What provision has been made in your business for the safe disposal of hazardous waste?

 

The definition of hazardous waste is a complex one, but for the benefit of anyone who is unsure what is covered within the framework of The Waste Electronic & Electric Equipment legislation (WEEE), it is basically anything which is electrically operated either by battery, mains, AC or DC current. Consider your workplace and look around in the offices, warehouse, garage, loading bay and reception areas; mobile phones, computers, printers, laptops and other hand held devices as well as those pieces of equipment which may be in the workplace as well as the home are all classed as hazardous waste.

Washing machines, tumble driers, cookers and microwaves are all classed as hazardous waste for the benefit of WEEE, and by way of disposal are required to be disposed of through a licensed operative and/or recycling plant. This is due to many of the components either being made from or has elements of their manufacture which include but are not limited to mercury, lead, cadmium, bromine and arsenic as a few examples. In the minute quantities and in normal day to day operation they are not harmful, providing the equipment is used as per the manufacturer’s instructions.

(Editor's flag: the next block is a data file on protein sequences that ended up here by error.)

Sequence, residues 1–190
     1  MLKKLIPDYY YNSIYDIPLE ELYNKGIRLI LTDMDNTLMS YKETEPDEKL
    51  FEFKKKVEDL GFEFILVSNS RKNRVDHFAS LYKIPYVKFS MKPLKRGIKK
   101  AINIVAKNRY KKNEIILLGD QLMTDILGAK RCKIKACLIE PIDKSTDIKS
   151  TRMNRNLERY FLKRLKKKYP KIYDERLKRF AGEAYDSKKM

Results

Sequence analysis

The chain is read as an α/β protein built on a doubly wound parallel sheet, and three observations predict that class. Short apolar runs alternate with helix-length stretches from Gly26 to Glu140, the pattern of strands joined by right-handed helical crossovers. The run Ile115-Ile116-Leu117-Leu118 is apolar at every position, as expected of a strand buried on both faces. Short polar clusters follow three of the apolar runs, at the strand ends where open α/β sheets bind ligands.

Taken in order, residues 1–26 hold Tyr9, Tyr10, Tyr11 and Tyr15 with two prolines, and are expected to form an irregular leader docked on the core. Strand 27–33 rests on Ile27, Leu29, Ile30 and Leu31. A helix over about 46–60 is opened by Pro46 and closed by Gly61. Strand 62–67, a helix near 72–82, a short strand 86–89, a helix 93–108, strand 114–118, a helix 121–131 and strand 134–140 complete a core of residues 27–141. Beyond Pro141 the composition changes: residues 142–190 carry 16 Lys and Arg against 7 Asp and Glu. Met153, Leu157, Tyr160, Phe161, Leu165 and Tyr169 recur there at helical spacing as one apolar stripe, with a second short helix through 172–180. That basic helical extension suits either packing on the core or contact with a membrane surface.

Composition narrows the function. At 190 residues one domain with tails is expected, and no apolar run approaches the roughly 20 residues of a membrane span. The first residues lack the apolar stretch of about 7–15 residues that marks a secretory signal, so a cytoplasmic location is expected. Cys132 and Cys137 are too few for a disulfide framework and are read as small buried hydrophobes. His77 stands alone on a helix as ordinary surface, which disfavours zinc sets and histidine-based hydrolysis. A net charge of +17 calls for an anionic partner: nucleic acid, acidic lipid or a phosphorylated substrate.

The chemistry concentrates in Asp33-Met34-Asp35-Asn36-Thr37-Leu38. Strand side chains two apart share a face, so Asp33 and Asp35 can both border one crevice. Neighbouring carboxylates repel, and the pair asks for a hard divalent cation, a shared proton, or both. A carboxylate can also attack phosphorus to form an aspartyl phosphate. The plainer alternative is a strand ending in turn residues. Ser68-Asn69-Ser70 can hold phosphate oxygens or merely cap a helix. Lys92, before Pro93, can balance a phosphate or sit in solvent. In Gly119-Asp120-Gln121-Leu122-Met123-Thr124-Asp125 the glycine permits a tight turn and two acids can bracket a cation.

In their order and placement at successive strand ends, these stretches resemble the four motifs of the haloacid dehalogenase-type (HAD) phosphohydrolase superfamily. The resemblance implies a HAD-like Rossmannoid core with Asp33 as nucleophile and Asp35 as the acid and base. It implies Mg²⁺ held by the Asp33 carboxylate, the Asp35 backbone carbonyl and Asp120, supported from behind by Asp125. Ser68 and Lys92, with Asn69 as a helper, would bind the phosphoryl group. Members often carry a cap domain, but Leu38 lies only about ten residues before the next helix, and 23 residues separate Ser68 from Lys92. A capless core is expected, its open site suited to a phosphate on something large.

The problems arise when these pieces of equipment are disposed of and where in the past they would have been placed in landfill sites; the subsequent leaching of these heavy metals and toxic substances into the groundwater tables eventually find their way back into the food chain which has humans at the top.

In many places in the world (China and India in particular) there are locations where contamination of the water table and the surrounding local environment is so bad that birth defects, cancer and other illnesses known to be connected to heavy metal and toxic poisoning are way above the normally expected levels.

Our lives today are ruled by electronic equipment, so much so that evidence points to exponential increase in potentially toxic devices increasing year on year for at least the foreseeable future. Make sure your hazardous waste policy is up to date and that any provisions you make are with a registered and licenced hazardous waste disposal operative or recycling organisation.